The Carlisle Mosquito Online

Friday, May 7, 2010


Mother’s Day: going where no man has gone before

Being a mother has cast me into various unwanted roles over the years: Mom as 3 a.m. floor walker, Mom as disciplinarian, Mom as seventh-grade-play producer. I have striven to perform these roles with aplomb, with some degree of success, but my son has me completely flummoxed with the latest incarnation being thrust upon me. Let me put it this way: he proposed; she accepted; I am about to become a punchline.

That’s right – a mother-in-law. I am about to be cast as that character who evokes groans from husbands, eye rolls from wives and sniggers from unmarried friends, that harridan who is the staple of almost every situation comedy. Check the word “mother-in-law” on the Internet and you will find pages and pages of joke sites, interspersed with self-help “how-to-deal-with-that-pesky-mother-in-law” sites and ones with names like Jokes abound, like “How much should the perfect mother-in-law weigh? 2.3 pounds, including the urn” or “Why bury a mother-in-law deeper than anyone else? Because, deep down, she’s a very nice person.” (This last one was the kindest joke I could find.) Freddy Krueger gets better press than this. You get the picture, and it’s not a pretty one.

There really is only one silver lining in this whole thunderstorm, and that is my future daughter-in-law. (By the way, look up “daughter-in-law” on the web and there’s nary a joke to be found, only sites listing daughter-in-law poems and daughter-in-law gifts. There is one news story about how Bernie Madoff’s daughter-in-law is seeking to change her name but that’s a different problem altogether.) But I digress. Over the past decade, my son would bring his latest flames to various family events and on various family vacations, so we have several family portraits with these stand-outs, always very blonde, whose names I can no longer keep straight. I would get to know them, come to like them and then, when the relationship ended, I would miss them. Finally, I made a pronouncement: no more girlfriends were to be introduced to the family until he was very serious.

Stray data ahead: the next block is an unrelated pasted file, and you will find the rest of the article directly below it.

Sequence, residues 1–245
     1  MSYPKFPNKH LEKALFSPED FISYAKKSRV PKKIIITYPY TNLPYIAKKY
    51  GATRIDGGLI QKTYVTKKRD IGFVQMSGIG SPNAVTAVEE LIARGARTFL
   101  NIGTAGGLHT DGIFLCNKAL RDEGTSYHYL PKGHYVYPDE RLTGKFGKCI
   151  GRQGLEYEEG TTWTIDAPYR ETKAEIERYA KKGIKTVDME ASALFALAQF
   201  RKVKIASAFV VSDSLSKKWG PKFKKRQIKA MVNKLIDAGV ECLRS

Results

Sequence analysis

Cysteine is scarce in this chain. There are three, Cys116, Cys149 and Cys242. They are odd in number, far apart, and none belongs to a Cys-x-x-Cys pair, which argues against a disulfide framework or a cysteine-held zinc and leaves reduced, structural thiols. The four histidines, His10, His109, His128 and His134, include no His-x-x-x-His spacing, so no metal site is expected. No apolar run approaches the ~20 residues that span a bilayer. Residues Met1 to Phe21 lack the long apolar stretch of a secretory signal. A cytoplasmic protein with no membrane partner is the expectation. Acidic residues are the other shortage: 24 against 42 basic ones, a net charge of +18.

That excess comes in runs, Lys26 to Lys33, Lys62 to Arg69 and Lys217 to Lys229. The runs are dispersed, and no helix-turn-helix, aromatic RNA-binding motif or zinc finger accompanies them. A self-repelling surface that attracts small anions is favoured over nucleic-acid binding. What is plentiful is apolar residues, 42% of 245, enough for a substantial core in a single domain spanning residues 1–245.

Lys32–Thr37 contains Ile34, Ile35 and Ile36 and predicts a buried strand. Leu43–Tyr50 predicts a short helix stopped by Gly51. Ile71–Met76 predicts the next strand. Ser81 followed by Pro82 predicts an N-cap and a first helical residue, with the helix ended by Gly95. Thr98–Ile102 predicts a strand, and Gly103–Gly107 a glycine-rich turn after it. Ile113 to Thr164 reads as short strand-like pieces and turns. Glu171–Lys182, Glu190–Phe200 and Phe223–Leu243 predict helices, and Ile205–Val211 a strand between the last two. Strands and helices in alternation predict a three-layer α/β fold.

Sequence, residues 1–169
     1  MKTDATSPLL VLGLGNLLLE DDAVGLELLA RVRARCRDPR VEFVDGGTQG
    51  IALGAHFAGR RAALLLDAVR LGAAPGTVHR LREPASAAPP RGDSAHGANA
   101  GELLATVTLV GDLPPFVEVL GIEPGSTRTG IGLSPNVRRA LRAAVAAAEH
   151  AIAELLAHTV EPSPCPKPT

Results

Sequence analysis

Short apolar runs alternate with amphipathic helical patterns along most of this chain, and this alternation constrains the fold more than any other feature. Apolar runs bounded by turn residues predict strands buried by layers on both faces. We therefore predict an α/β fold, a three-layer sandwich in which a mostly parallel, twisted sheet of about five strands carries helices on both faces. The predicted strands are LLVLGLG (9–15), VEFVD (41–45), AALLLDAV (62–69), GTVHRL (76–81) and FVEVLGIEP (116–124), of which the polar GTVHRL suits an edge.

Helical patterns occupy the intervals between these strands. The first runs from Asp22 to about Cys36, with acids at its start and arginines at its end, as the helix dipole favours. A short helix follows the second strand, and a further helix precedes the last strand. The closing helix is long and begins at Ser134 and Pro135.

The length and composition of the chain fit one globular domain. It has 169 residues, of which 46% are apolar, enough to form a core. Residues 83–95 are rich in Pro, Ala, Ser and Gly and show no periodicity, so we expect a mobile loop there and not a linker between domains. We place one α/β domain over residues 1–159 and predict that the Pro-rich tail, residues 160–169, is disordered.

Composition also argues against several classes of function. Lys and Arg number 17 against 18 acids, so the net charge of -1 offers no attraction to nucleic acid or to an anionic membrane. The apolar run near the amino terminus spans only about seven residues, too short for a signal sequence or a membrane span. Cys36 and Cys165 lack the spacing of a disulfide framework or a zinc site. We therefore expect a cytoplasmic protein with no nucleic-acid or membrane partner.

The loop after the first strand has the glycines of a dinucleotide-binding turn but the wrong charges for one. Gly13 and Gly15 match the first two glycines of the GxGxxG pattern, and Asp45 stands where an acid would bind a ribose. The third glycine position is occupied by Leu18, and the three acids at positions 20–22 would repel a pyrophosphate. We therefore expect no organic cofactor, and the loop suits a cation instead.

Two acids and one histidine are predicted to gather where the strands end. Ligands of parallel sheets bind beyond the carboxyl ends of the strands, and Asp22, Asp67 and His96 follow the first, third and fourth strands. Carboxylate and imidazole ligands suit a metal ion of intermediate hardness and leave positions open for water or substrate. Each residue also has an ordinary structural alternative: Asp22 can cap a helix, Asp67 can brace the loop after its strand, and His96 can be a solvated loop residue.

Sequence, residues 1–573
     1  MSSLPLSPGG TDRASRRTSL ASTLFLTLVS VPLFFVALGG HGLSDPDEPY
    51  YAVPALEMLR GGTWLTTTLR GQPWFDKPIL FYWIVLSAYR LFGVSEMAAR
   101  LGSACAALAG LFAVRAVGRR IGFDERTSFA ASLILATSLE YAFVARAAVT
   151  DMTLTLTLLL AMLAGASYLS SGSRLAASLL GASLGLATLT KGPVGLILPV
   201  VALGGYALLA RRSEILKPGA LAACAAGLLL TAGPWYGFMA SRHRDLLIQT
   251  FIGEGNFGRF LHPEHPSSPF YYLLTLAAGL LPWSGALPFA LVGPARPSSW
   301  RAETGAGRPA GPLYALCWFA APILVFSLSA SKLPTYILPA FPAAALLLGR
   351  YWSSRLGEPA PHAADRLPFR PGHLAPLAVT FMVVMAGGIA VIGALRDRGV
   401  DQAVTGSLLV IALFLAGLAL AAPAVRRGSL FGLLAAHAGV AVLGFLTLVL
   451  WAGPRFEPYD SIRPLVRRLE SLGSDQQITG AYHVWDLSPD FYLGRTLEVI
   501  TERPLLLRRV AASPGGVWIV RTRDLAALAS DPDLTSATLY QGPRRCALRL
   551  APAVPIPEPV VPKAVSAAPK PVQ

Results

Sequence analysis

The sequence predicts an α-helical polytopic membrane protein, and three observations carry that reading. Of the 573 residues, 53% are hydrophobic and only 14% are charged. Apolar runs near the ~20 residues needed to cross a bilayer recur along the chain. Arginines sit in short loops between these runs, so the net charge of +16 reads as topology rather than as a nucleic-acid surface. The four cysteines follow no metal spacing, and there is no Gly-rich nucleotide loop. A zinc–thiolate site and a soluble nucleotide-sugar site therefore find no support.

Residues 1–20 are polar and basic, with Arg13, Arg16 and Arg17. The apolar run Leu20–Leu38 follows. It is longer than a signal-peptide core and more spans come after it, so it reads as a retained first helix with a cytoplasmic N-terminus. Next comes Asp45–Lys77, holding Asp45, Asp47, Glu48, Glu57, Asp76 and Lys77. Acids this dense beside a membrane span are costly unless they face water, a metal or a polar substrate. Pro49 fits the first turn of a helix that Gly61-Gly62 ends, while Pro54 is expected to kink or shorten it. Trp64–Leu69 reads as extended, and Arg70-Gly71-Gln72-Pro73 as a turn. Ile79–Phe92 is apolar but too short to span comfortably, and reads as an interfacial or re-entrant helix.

That is why it took us so long to finally meet Jess. By the time she came to meet us at our place on the Cape, however, she had already won my heart. The previous Christmas, a photo arrived in the mail. It showed my father in his twenties, standing beside a very old car. I had never seen this treasure before, but Jess had taken the time during a visit to her alma mater, the University of North Carolina, to scour the library archives for a picture of my dad during his football coaching tenure there. We’re talking circa 1927.

Oh, I had to meet this girl, and when I did, it only confirmed my suspicions that she was a keeper; she was sweet, smart, had a wacky sense of humor and, best of all, the ability to make my son very, very happy. She had me at “hello.”

So, for the pleasure of adding Jess to our family, I willingly accept my fate. Bring on the jokes, the sitcoms, the websites, I will face them all and “boldly go where no man has gone before.” Watch out, world, here comes another mother-in-law. ∆

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